Pioneer of abstract art and eminent aesthetic theorist, Wassily Kandinsky (b. 1866, Moscow; d. 1944, Neuilly-sur-Seine, France) broke new ground in painting in the first decades of the twentieth century. His seminal treatise On the Spiritual in Art, published in Munich in 1911, lays out his program for developing an art independent of one’s observations of the external world. Kandinsky strove to use abstraction to give the painting the freedom from nature that he admired in music. His discovery of a new non-objective subject matter occupied him throughout his life. Nevertheless, Kandinsky’s artistic career had been launched three decades before developing this revolutionary theory. His early works correspond to the movement of expressionism and were mostly produced in Munich after he formed associations with the city’s leading avant-garde groups, such as Der Blaue Reiter, in 1896.
Composed of thickly worked layers of green, white, and earthy pigments, and strokes of blue, “Kochel – Waterfall I” is an important example of Wassily Kandinsky’s early landscapes. Kandinsky was greatly inspired by the dramatic terrain surrounding Kochel, a Bavarian town south of Munich set near a large lake at the foot of the Alps, and frequently painted the nature of the area. In this painting, the Lainbach waterfall is depicted, and he would repeat it in the summer of 1902 when he took his class of students to Kochel in his capacity as a teacher at the Phalanx school. In that second version, his utilization of strong colors would work to suggest pure shape and form, hovering close to the border of abstraction.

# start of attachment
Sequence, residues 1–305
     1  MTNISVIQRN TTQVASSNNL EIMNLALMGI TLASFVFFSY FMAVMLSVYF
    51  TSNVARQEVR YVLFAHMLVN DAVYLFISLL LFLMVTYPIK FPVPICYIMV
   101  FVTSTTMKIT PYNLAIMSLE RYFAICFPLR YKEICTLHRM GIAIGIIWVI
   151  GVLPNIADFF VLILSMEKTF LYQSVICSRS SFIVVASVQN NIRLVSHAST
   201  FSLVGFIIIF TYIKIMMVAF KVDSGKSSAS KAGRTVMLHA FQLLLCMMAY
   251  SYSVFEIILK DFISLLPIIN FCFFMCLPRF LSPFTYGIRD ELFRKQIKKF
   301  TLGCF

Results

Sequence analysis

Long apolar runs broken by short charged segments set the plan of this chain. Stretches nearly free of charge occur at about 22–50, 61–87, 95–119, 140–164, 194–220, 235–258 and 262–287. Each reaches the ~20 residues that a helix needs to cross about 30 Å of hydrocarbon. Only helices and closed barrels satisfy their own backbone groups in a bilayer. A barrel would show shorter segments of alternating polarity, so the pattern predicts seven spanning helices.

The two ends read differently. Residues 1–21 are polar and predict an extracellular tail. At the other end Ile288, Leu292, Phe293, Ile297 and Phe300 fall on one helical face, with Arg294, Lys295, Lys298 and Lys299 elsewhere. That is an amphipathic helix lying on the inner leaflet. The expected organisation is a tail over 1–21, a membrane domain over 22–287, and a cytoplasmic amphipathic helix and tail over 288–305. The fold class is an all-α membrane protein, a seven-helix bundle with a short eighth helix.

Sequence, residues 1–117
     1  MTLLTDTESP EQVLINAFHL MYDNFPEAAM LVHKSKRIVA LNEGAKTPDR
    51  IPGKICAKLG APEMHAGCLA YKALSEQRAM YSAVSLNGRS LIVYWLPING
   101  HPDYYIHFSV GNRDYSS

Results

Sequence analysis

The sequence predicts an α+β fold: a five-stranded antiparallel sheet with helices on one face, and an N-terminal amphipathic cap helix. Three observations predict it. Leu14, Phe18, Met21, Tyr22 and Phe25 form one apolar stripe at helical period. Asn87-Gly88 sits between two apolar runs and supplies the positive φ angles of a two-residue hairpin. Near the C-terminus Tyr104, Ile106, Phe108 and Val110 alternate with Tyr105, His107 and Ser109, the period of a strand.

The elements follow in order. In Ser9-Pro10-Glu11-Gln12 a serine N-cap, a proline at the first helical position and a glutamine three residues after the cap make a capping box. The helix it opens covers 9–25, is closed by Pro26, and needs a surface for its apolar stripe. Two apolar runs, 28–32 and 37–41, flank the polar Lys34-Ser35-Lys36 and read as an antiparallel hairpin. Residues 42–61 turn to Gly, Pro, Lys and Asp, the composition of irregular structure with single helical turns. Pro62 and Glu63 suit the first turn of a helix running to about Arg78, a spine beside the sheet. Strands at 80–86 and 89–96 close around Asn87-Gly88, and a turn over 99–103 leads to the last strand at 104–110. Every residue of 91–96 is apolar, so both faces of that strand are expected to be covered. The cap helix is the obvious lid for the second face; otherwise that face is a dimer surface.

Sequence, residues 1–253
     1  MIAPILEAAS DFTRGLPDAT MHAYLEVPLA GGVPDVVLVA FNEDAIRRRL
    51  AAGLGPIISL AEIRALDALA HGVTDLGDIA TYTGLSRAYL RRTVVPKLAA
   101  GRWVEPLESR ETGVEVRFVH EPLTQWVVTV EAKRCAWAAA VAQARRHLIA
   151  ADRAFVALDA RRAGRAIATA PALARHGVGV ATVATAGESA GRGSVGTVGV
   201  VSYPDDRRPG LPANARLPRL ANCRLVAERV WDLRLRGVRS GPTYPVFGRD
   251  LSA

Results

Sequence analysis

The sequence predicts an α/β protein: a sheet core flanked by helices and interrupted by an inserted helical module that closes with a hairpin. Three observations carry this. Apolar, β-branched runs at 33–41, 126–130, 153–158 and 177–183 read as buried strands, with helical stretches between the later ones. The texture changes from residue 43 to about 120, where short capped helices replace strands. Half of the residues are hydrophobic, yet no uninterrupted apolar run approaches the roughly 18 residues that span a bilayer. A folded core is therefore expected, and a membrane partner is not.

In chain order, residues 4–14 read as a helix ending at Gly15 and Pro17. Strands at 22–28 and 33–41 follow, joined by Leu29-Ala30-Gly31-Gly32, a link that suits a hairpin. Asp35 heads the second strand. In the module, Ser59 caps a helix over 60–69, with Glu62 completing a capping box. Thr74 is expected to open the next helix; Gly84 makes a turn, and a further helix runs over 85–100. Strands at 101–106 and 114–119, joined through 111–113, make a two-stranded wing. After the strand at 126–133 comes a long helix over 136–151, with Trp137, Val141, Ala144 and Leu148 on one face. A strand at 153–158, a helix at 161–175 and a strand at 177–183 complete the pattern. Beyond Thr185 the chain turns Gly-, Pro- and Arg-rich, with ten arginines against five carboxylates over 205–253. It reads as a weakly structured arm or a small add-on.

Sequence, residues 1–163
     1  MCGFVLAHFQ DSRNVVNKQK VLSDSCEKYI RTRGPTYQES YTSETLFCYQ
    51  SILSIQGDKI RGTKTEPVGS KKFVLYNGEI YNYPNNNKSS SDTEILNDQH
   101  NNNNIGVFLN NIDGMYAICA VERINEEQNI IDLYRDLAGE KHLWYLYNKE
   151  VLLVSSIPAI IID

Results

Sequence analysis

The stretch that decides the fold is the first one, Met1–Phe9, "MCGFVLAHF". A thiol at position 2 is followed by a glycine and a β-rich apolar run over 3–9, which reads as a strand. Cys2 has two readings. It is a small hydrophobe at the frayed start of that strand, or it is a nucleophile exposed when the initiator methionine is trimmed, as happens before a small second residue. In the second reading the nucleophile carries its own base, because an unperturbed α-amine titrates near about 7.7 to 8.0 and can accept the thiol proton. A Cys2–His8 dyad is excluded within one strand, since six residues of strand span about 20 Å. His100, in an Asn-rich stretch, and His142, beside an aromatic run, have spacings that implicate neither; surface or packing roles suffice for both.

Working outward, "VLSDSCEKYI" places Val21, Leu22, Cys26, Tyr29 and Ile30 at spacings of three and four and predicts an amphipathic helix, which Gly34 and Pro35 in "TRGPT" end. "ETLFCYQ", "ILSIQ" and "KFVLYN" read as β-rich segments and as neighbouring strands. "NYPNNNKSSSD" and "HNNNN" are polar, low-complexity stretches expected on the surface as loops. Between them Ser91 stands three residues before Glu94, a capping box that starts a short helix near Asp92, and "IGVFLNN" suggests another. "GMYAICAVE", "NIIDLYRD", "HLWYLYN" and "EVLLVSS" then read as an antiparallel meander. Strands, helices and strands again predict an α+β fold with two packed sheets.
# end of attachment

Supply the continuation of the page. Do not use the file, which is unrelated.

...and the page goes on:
While the present painting may seem far removed from the later abstract works of the artist, Kandinsky saw his progression as rather logical. He didn’t wish to give the impression that his art constitutes a radical break with tradition, rather, he defended the idea that all that is new in art must grow out of what went before. Kandinsky later recalled the importance of these early landscape studies in the development of his creative principles, noting that this earliest phase of his career was dominated by two overriding themes: ‘1. Love of nature. 2. Indefinite stirrings of the urge to create. This love of nature consisted principally of pure joy in enthusiasm for the element of color. I was often so strongly possessed by a strongly sounding, perfumed patch of blue in the shadow of a bush that I would paint a whole landscape merely to fix this patch… It was out of these exercises that my later ability developed, as well as my way of painting sounding landscapes’.